I have an accoustic setup which used a prism (yes, it'll be a math question). A ray is fired at the prism such that the incidence is normal to the long side of the prism, and arrives directly at its right angle. In the 2nd part, the prism is rotated on an axis that is on its right angle, and another beam is fired along the same trajectory as the 1st one.
In this image, the reference triangle (in green) has an incident beam at 90 degrees, while the rotated (purple) triangle has an incidence angle of 16.2 degrees after rotating the prism (not to scale, just to show):
I basically try to calculate the speed of the incoming acoustic wave in that material. There are specific angles which yield different types of waves traveling at different speeds.
The value I arrive at, for an incidence angle of 10.1 degrees, is slightly off theory for that material. I thought it was within my margin of error, but then the value I get for another type of wave at 16.2 degree is really off. I think my error may actually be neglecting the following:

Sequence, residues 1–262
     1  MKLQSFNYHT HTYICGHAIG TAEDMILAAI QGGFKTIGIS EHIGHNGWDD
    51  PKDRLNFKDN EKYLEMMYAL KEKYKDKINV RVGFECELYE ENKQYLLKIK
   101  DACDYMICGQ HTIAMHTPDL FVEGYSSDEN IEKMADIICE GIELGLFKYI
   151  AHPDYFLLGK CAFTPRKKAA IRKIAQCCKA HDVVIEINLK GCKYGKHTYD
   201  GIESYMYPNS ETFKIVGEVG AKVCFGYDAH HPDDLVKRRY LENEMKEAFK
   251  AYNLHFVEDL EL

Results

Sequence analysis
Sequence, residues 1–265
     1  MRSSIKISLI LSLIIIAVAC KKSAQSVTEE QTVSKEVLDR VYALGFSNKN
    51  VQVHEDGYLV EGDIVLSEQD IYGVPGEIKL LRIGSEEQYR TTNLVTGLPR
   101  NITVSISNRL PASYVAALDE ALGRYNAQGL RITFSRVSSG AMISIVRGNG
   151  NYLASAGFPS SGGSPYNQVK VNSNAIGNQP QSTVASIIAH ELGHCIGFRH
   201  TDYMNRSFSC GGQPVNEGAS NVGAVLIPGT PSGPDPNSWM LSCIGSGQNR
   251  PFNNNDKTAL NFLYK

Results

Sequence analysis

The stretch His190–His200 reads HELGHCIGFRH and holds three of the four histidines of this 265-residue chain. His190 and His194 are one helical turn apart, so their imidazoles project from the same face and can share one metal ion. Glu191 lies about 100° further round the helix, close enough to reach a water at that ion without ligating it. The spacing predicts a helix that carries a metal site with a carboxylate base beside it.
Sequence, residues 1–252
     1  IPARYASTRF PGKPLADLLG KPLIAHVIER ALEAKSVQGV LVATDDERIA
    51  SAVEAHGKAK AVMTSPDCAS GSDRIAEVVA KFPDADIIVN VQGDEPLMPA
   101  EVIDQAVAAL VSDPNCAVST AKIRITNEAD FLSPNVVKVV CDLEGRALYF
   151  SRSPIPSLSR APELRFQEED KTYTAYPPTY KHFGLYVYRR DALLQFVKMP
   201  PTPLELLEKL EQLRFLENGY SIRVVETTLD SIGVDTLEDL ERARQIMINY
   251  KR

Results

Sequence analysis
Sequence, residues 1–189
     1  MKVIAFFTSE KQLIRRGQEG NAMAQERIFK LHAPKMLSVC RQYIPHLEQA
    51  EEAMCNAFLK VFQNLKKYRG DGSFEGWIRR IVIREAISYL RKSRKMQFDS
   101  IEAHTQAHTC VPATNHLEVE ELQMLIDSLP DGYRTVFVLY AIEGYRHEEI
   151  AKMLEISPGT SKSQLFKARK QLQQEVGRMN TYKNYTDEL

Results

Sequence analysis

As the prism rotates, the point of contact with the incident ray moves further to the left, on the image. Short story:
How can I calculate, as a function of angle of rotation, how far left the point of contact with an incidence as shown by the dotted line has moved?
I already account for the fact that the ray travels further in the prism. Both rays in the prism hit the opposite side at 90 degrees (that's why they return to the sensors and I can measure the response), but since the purple one hits the prism further up the long line so to speak, it travels a greater distance. The trigonometry for that is easy.
But I can't figure how to account for the variation in the point of contact....
EDIT: I tried seeing it as a rotation within a circle (with both free corners of the triangle on the perimeter of a circle). That gives me a maximum value for that difference, since radiux*cos(45) = 0.707radius if I were to rotate the prism 45 degrees (which means the incident ray would be along one of the smaller sides of the isocele triangle).
However, that doesn't give me the distribution of the distance as a function of angle. I wouldn't be linear. If I use a linear approximation (e.g. just do 16.2/45 * prismside) it gives a better result, but of course I'd rather have the exact value...